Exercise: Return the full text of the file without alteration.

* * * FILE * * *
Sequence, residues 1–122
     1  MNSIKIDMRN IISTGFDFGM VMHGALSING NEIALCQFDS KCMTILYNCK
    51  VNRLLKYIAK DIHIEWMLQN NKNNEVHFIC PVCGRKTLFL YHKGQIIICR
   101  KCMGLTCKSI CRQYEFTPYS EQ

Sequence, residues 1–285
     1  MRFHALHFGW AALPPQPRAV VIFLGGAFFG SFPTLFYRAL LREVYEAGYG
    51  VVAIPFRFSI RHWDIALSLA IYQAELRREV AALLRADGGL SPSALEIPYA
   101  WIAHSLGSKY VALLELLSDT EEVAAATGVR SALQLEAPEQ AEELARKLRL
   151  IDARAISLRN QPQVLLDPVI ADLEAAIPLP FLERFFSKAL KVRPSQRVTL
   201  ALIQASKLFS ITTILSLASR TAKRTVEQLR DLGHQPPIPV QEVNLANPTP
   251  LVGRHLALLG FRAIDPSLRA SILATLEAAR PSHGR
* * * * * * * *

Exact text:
Sequence, residues 1–122
     1  MNSIKIDMRN IISTGFDFGM VMHGALSING NEIALCQFDS KCMTILYNCK
    51  VNRLLKYIAK DIHIEWMLQN NKNNEVHFIC PVCGRKTLFL YHKGQIIICR
   101  KCMGLTCKSI CRQYEFTPYS EQ

Sequence, residues 1–285
     1  MRFHALHFGW AALPPQPRAV VIFLGGAFFG SFPTLFYRAL LREVYEAGYG
    51  VVAIPFRFSI RHWDIALSLA IYQAELRREV AALLRADGGL SPSALEIPYA
   101  WIAHSLGSKY VALLELLSDT EEVAAATGVR SALQLEAPEQ AEELARKLRL
   151  IDARAISLRN QPQVLLDPVI ADLEAAIPLP FLERFFSKAL KVRPSQRVTL
   201  ALIQASKLFS ITTILSLASR TAKRTVEQLR DLGHQPPIPV QEVNLANPTP
   251  LVGRHLALLG FRAIDPSLRA SILATLEAAR PSHGR